12:30 pm
Thu October 9, 2014

Potential School District Reserve Cap Drives Debate Over Prop 2

Credit Joe Moore / Valley Public Radio

This November, California voters will be asked to weigh in on Proposition 2 – the constitutional amendment that would create a state budget reserve. As Ben Adler reports from Sacramento, a little-known new law tied to Prop 2 has some school officials and parents upset.

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Education
5:16 pm
Fri September 12, 2014

Two Weeks into School Year, Fresno Pacific President Resigns

Just two weeks after the start of the semester, the President of Fresno Pacific University has resigned.

In a statement released from the university, outgoing president Pete Menjares said that he and his wife will be moving back to Southern California to be closer to their families and to explore new opportunities.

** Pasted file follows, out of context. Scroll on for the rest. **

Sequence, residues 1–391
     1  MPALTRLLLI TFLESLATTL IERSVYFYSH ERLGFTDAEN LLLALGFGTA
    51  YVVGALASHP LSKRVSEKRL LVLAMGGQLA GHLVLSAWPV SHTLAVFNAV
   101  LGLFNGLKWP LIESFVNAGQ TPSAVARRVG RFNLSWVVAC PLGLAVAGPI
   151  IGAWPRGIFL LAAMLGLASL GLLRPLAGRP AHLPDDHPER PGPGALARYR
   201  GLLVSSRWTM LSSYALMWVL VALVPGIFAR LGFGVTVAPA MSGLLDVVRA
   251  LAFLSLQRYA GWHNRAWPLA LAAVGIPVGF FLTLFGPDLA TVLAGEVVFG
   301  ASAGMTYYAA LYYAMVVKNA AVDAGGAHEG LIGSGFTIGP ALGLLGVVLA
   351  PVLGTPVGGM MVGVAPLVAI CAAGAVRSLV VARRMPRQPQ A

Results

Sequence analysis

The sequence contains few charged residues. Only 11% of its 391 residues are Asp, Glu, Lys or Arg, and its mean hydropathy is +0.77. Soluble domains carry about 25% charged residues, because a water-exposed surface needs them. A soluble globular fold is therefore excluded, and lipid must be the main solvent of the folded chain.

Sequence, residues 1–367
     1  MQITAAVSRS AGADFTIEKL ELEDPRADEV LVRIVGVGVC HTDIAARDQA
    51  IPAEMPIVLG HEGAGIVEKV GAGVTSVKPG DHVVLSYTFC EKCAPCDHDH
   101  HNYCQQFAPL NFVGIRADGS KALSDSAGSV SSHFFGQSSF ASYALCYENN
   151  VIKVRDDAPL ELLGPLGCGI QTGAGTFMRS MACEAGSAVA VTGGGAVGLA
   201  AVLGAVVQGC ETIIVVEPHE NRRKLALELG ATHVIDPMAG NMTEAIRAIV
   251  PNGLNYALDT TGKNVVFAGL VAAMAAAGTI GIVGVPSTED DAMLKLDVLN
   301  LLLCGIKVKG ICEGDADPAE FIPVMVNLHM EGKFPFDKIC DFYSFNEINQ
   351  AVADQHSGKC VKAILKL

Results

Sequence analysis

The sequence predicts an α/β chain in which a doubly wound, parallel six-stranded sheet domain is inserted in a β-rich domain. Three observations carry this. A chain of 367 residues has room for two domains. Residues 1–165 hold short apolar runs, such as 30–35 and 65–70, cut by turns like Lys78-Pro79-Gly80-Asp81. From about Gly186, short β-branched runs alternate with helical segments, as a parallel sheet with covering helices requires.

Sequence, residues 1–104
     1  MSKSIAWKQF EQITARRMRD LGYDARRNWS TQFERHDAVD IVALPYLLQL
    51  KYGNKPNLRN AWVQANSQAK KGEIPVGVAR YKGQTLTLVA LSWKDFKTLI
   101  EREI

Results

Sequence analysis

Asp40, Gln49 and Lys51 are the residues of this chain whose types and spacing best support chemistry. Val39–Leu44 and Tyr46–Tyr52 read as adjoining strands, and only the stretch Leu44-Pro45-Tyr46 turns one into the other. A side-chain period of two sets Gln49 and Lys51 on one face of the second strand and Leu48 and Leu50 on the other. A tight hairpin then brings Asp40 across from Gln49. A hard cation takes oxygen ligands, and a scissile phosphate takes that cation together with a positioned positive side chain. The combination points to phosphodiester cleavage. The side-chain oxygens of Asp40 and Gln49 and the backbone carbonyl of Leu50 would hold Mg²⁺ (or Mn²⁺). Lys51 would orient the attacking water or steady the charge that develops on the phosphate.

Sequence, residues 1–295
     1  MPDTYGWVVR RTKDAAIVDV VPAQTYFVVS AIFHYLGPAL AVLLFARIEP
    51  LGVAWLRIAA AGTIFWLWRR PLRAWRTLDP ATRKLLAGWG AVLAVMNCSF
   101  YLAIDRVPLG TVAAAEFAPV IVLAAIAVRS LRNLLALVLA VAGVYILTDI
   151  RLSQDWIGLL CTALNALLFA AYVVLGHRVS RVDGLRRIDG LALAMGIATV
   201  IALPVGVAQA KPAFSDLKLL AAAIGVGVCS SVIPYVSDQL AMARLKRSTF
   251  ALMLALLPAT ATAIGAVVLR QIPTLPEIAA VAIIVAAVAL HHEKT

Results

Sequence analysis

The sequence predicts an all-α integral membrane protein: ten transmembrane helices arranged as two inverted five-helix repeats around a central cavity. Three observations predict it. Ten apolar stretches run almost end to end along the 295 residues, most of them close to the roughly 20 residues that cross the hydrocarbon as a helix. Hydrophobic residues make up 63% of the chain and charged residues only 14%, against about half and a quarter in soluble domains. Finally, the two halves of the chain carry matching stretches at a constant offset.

In the same statement, Board Chair John Thiesen said that Menjares modeled diversity and unity in his two and a half years as university president. Menjares’ wife, Virginia, was also very active in the community and often made appearances with her husband.

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The Moral Is
11:01 am
Wed August 20, 2014

Commentary: Don't Look For Simplistic Solutions In Teacher Tenure Debate

Dr. Jacques Benninga
Credit Fresno State / Jacques Benninga